Before it was converted to a health club, the Union Pacific Railroad's museum was located on the first floor of its headquarters in Omaha, Neb. The residual historical artifacts now reside on the building's top floor, amid executive offices and dining rooms. Two of the dining rooms are decorated with traditional dueling weapons - pistols and swords. Watching the railroad industry battle over its current set of issues, we almost believe a third weapon should be added - bytes of information.

Traditionally, the relationship between railroads and technology has been a dynamic one. Railroads recognized early on the need for better information technology. The widespread introduction of the telegraph vastly aided the railroads, allowing for speedier transmission of train orders - and more business. The fact that this technology was introduced within the culture of the railroads meant, for almost two generations, two things.

First, technology was introduced within the confines of a centralized, command-and-control operating model. Railroad management, notoriously focused on micro-management, was able to use the technology to keep a closer eye on properties that became larger through mergers and acquisitions.

Local operating personnel were not pleased by the introduction of this technology. They considered it just another example of big brother encroaching on the way they had done business locally for years. Local employees also resented technology because it implied job loss. Modernizing business systems enabled railroads to centralize operations first by divisions, then regions - and ultimately, system-wide.

Railroad management for the past two generations was groomed in an environment of unrelenting pressure to reduce costs. The best cost-cutters were rewarded with promotions. This practice applied to technology as well. I can recall when, in order to maintain strict cost-discipline, technology expenditure required an accompanying cost savings. The rules were strict - even acquiring a $1,000 computer terminal had to be justified by an entire job elimination.

Today, of course, technology's impact on the industry is pervasive. Proactive leaders, such as Rob Krebs, chairman and chief executive of Burlington Northern Santa Fe, are vocal advocates for improved technological solutions. Krebs recognizes the railroads could be less insular in their dealings with customers by utilizing the Internet, and other tools, to break down the barriers.

The railroad industry trade association, Association of American Railroads has a subsidiary called Railinc. It used to be an intensely bureaucratic organization with committees too numerous to count. Several years ago, Railinc was recreated. It moved to Cary, N.C. from Washington, DC, installed new management and focused heavily on technology solutions. Steelroads.com was one of Railinc's early initiatives. An Internet-based system giving shippers easy access to information, it is in the process of continual upgrading and enhancement. Yet it appears that the railroads want more.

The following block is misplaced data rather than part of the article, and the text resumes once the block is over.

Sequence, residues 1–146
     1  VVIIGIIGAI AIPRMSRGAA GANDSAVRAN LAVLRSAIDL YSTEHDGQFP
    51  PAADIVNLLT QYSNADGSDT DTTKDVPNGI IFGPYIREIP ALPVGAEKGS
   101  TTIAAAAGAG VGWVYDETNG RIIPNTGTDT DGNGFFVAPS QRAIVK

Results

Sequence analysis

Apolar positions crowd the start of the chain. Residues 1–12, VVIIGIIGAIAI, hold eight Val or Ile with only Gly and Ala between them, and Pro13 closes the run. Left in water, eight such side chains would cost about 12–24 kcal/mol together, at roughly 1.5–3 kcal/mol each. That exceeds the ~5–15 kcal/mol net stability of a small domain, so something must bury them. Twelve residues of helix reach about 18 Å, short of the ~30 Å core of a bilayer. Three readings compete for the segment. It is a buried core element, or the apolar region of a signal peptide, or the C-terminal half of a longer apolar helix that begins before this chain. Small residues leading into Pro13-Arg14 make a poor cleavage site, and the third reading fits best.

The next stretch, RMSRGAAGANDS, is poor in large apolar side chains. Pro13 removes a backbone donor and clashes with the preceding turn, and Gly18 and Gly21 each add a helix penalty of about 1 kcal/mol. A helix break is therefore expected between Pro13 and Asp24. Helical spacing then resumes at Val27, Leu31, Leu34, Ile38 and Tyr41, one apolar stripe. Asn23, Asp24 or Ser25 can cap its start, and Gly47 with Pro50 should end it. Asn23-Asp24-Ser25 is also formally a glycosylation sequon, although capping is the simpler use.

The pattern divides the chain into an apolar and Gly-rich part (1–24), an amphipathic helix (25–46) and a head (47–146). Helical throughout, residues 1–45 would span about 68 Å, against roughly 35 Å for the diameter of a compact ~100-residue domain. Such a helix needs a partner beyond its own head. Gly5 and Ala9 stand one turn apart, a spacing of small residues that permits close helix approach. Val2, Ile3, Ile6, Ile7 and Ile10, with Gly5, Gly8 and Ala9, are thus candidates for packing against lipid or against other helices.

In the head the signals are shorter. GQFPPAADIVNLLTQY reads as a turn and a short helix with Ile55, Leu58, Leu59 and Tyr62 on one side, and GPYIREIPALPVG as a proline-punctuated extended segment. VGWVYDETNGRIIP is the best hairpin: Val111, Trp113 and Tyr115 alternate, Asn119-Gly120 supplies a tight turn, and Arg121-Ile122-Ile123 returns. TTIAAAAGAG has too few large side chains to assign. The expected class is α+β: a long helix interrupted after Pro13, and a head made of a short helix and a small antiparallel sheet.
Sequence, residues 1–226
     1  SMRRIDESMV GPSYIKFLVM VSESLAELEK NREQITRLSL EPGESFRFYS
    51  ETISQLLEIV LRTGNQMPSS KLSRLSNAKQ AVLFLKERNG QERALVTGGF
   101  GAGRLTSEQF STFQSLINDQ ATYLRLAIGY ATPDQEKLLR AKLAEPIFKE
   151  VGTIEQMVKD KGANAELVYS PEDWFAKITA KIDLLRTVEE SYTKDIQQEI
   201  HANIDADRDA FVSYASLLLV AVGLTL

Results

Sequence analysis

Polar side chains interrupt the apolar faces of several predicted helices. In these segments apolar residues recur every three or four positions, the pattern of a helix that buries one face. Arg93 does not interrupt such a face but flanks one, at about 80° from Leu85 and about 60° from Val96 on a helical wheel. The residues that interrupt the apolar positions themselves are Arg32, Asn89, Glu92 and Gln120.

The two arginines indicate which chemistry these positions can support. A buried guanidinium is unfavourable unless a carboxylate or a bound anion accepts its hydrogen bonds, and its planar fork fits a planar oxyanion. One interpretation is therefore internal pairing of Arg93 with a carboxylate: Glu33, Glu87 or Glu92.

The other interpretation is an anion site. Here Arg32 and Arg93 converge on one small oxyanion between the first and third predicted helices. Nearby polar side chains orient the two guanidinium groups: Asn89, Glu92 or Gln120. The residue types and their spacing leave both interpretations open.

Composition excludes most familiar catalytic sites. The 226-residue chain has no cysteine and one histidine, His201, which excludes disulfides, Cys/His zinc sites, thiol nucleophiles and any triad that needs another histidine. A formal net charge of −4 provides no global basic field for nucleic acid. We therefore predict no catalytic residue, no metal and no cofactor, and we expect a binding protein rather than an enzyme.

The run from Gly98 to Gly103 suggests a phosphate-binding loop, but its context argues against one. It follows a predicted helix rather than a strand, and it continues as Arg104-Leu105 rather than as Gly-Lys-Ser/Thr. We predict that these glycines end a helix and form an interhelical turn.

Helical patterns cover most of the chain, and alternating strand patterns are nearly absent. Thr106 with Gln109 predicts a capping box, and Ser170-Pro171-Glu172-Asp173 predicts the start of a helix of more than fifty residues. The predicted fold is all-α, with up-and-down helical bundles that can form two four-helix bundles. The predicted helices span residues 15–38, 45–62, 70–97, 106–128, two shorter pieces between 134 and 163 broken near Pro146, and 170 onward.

Late in 1999, the rail industry met at General Electric's facility at Crotonville to discuss e-commerce opportunities. Krebs led the railroad contingent. Jack Welch, GE's chairman and CEO, who has become a great believer in the Internet and e-commerce, addressed the group. Electronic commerce has become a critical component in GE's ''six-sigma'' search to eliminate defects.

Apparently there was discussion at the meeting of railroads becoming virtual transportation companies. Since further mergers seemed unlikely, at the time, it made sense for the industry to work together. Krebs has long maintained that railroads should increase their operational ooperation in order to enlarge the base of business.

With the announcement of the BNSF-Canadian National merger and the banding together of Canadian Pacific, CSX, Norfolk Southern and Union Pacific to fight it, mutual harmony seemed threatened.

BNSF created FreightWise, using Manugistics as a solutions provider. The rest of the industry responded several months later, jointly announcing that CP, CSX, NS and UP had each invested in privately-held Arzoon.com.

Demonstrations and prototypes are fine, but Internet products must become robust and fully integrated into customer solutions to be effective. The railroads - through their strategic partners - will most likely lead the way to such development. Unlike other transportation sectors, railroads number so few, that they have no need for an independent party to run an exchange. The railroads have recently announced a new exchange to handle purchasing. This is internally focused. Customers will want to see evidence of an external focus dedicated to fulfilling shipper needs. This will require commercial and technology weapons that really work - not just talk (although there has been lots of that).

For now, most technologies employed are still of pistol and sword vintage.